Free Speech Society: 'Become more comfortable disagreeing with other people"


Interview with Euan Clayton, President of Free Speech Society

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Image by York Free Speech Society

By Luke Brown

Euan Clayton, President of Free Speech Society, might not be the usual idea of a free speech advocate. But that’s exactly the point of his new society, he tells Nouse.

“We want to break the perception that to be interested in free speech is just to be controversial or hateful, or the idea that a lot of people have – particularly university students – that free speech is a right-wing concept."

“It’s always been a progressive value, and every progressive social justice movement has valued it until very recently.”

Free Speech Society has been trying to change minds through relaxed pub meet-ups. “Reputation matters,” he says. “There was an era that was very Katie Hopkins-Milo Yiannopoulous- Ben Shapiro, treating free speech as a provocateur-type topic which has done a lot of damage to the reputation of free speech debates."

“This society is part of a new generation of free speech societies that see free speech as a value and not as an absolute, and not deliberately provocative,” he adds.

But Euan recognises that his is one of just ten university free speech societies. Is there really a need for one at the University of York?

‘We’re quite lucky here at York.” He praises YUSU’s free speech regulaltions – “on paper, it’s all good.” But he insists that “there is an issue with self- censorship on campus. People are just not comfortable with disagreement."

“But there is a self-censorship issue at every university. It’s a generational issue and it’s an academic issue.” Can Free Speech Society really change that?

“Everyone really benefits from the sessions, coming out having thought about something and having been introduced to ideas they didn’t know about before. Above all, it will help you to become more comfortable disagreeing with other people.”

The last session’s debate was on the limits of free speech, he says. “Free speech as an absolute has never existed. There have always been regulations on freedom of speech.”

The Government is currently pushing the Higher Education (Freedom of Speech) Bill through the dusty lobbies of Parliament. If it becomes law, it will impose a new legal duty on universities and student unions to uphold freedom of speech. This comes amidst a series of academics and politicians, notably former Home Secretary Amber Rudd, being ‘no-platformed’ shortly before giving talks at universities. So Euan must be ecstatic, right?

“I’m glad that the Government is taking notice, especially in relation to student unions,” he says rather unenthusiastically. “However, legislation probably isn’t the answer. This is a cultural issue.”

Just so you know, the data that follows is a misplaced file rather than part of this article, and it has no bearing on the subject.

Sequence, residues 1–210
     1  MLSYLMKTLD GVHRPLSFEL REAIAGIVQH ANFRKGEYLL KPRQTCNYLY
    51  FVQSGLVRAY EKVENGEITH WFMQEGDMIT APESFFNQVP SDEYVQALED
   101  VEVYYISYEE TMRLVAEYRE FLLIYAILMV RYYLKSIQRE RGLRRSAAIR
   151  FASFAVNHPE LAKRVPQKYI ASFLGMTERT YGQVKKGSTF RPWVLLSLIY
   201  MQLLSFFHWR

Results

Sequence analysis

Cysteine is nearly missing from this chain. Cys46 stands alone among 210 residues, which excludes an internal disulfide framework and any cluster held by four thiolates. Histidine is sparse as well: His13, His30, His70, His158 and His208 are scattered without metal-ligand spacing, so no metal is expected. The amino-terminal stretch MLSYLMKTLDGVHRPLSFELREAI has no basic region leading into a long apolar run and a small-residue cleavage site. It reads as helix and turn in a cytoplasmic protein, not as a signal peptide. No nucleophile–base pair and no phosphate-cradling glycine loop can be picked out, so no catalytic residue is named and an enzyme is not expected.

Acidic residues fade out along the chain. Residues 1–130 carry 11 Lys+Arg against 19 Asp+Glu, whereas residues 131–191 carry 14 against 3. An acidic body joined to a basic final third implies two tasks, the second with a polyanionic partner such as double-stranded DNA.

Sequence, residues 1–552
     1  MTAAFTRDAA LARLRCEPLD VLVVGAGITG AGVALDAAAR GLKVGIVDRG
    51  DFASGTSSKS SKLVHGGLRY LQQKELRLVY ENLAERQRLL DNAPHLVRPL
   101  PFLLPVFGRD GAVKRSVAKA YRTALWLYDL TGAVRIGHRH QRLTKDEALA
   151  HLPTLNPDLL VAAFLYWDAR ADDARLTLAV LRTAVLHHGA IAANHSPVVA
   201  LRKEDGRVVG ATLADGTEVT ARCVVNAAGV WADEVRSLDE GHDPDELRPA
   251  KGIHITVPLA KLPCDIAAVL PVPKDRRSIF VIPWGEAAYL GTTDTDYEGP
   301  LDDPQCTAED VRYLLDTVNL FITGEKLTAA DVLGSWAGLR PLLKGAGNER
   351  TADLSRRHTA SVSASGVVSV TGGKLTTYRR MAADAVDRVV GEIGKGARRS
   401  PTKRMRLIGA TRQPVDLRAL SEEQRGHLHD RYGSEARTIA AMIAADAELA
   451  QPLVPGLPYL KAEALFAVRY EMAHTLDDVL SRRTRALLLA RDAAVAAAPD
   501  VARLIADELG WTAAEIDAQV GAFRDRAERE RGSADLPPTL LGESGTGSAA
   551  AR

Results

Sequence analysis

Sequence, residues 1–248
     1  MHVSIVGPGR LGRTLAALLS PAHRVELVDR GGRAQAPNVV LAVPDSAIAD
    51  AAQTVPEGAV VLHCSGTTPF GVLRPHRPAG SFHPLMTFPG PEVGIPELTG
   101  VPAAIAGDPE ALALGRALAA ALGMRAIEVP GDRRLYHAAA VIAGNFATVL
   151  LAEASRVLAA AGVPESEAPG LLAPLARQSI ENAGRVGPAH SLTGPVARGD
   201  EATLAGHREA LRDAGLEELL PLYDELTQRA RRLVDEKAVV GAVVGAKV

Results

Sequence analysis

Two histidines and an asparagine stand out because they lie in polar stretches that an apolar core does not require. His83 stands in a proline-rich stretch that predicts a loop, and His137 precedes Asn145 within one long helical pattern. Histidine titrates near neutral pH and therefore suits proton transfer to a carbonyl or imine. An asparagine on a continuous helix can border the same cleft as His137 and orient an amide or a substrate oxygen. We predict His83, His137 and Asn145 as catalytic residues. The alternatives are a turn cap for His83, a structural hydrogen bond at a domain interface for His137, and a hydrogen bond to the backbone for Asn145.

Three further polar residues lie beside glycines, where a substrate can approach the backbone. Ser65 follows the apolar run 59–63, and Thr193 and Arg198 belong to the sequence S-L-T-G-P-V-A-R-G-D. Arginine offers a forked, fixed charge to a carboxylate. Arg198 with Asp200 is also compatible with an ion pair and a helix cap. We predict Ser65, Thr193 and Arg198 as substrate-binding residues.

What about those who say that there isn’t a free speech problem at universities? “You have to be very lucky to hold so many orthodox opinions," he quips with a smirk.

"If you don’t see a free speech problem because all of your views are represented in the media, that’s fine. But seeing free speech as an important value, especially if you see yourself as a progressive, is always going to be important."

“There’s always going to be challenges and things you want to change. To do that, you need reasoned, good faith debate.”

And on cancel culture, Euan is similarly firm. “If you deny the existence of cancel culture, you’re not coming into the debate in good faith in the first place. People have lost their jobs for their opinions. This culture of trying to ruin people’s livelihoods over things they say is a thing that exists. You can say you agree with cancel culture, but to say it doesn’t exist is a falsehood.”

How does Free Speech Society tread that difficult line? “Difficult topics like these are what universities were set up to tackle. That’s why we’re here, and that’s what Free Speech Society is all about. Universities are not doing their job if it’s not training us to deal with situations like this.”

Euan acknowledges that this is a sensitive topic, but says: “It’s something you have to tackle in real life – not everything is sanitised.”

Given the minefield of controversy that Free Speech Society is operating in, have they received any hate so far? “A little bit of trolling on Facebook,” he grins. “But it’s really no big deal.”

“People give too much weight to trolls. At the end of the day, they’re just trolls sitting behind their computer screens. They soon move on to the next thing.”

If freedom of speech really is under threat, what can each of us do to protect it? “Create a ripple effect by disagreeing with something in everyday conversations. Try to engage in good faith disagreement."

“You see that a lot of people feel relieved when someone disagrees with something that is taught as the absolute truth, when it may not be.”

“Above all else, become more comfortable disagreeing with other people.”

Patrick O’Donnell, the YUSU President, told Nouse: “We enjoy a diverse range of political, media and campaigning groups on-campus at York, many of which I had the pleasure of speaking with earlier this term at the Freshers’s Fair."

"Students at York have long been committed to the responsible practice of free speech, evidenced by the wide range of speakers we host on cam - pus and previous proposals for a no platform policy being rejected by the student body."

"Regrettably, we see a national picture of silly sensationalist tabloid headlines, pitting speakers and agendas against each other.”